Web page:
When the complaint is served with the summons, a and b are not required. There are numerous collateral and subsidiary proceedings which may, and some of which commonly do occur in a suit. The time for the service of papers may be extended by the court. When the losing party desires to appeal from the judgment, he must upon notice to the other party have a "case" settled by the judge, which shall present the question to be considered by the higher court. A notice of appeal must be served on the prevailing party by the appellant within 30 days after he shall have received written notice of the judgment, and he must also serve on the prevailing party printed copies of the case. Either party may serve on the other a notice of argument and file a note of issue, when the case is placed on the calendar of the appellate court and argument had and judgment entered in due course. The appeal in the first instance is to the general term of three judges, and from their decision another appeal may be taken in similar manner to the court of appeals.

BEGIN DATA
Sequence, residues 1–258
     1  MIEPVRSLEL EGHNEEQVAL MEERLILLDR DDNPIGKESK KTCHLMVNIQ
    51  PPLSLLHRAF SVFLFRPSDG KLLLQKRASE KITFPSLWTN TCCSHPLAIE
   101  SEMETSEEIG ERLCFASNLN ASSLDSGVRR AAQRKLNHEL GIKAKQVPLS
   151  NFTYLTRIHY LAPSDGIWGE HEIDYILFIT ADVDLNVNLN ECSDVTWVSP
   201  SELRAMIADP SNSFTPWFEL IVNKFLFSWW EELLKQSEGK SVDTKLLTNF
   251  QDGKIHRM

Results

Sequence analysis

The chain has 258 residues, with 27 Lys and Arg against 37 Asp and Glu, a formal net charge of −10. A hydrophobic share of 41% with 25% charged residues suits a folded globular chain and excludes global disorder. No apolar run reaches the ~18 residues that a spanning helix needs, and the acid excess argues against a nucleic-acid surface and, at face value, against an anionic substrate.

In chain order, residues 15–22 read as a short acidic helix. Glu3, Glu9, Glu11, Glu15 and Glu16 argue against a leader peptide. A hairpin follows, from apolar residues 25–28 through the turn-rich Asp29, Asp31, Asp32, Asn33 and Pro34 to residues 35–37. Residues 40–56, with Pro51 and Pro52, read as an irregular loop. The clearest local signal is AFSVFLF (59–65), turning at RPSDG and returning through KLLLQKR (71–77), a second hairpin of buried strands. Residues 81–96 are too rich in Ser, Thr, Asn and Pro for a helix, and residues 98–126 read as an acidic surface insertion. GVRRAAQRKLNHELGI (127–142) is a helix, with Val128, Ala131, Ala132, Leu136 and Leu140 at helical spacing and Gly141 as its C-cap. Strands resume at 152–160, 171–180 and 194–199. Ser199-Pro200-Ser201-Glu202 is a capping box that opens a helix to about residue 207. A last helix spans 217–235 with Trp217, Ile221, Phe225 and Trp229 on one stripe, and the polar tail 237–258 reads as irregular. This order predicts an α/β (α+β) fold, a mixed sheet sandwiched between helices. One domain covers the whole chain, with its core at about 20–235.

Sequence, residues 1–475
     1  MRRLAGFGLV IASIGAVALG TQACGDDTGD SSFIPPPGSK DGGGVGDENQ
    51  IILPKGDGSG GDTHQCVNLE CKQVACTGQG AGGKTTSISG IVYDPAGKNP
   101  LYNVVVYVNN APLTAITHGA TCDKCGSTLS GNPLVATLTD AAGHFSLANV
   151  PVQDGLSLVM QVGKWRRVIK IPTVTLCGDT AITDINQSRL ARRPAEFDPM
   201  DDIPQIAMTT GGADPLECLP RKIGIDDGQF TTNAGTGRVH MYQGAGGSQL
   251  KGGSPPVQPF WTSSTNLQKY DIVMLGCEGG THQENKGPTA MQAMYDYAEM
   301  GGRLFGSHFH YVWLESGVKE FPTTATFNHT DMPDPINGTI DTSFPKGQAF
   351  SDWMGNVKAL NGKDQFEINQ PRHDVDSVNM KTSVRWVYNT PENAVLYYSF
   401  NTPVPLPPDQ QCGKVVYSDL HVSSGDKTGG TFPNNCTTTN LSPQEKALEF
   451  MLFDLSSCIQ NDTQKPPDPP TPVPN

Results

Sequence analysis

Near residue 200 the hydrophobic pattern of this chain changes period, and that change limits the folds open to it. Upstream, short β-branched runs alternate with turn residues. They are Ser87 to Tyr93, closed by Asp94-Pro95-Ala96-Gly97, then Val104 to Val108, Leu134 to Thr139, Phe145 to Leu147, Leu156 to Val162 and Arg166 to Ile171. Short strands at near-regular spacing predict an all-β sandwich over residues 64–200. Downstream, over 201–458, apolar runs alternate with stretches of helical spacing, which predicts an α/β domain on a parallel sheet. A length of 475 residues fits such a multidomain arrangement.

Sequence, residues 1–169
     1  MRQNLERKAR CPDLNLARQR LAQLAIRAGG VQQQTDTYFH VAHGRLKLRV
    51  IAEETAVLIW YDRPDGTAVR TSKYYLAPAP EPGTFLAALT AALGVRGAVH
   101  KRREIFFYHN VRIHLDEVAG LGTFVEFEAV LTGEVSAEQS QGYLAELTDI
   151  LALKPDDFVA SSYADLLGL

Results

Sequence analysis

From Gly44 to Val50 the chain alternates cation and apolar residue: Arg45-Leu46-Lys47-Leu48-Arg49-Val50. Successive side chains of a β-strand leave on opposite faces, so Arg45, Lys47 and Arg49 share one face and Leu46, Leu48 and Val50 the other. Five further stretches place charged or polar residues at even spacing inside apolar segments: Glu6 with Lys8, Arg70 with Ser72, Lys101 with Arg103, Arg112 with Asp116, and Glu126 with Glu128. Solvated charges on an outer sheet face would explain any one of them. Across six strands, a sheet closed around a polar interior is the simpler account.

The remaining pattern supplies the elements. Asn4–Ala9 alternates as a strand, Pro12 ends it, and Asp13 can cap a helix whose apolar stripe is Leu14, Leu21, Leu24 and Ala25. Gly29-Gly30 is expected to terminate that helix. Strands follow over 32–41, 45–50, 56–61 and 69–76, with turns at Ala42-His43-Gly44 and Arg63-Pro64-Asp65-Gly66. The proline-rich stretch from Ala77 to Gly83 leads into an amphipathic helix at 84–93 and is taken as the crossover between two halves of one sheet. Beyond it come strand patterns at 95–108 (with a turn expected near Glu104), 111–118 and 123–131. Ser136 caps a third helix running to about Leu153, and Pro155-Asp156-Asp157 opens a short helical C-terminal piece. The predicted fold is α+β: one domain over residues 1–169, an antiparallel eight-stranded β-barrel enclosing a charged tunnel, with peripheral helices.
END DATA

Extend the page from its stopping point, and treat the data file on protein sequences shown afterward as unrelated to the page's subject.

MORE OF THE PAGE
When the appellant desires all proceedings to enforce the judgment to be stayed pending the appeal, he must furnish an undertaking with sureties to the effect that he will pay the judgment with costs and damages if it be affirmed. - In the criminal law process applies in an extensive sense to all those instruments which are used by competent authority for the purpose of bringing a party into court, or of executing the judgment of the law upon him.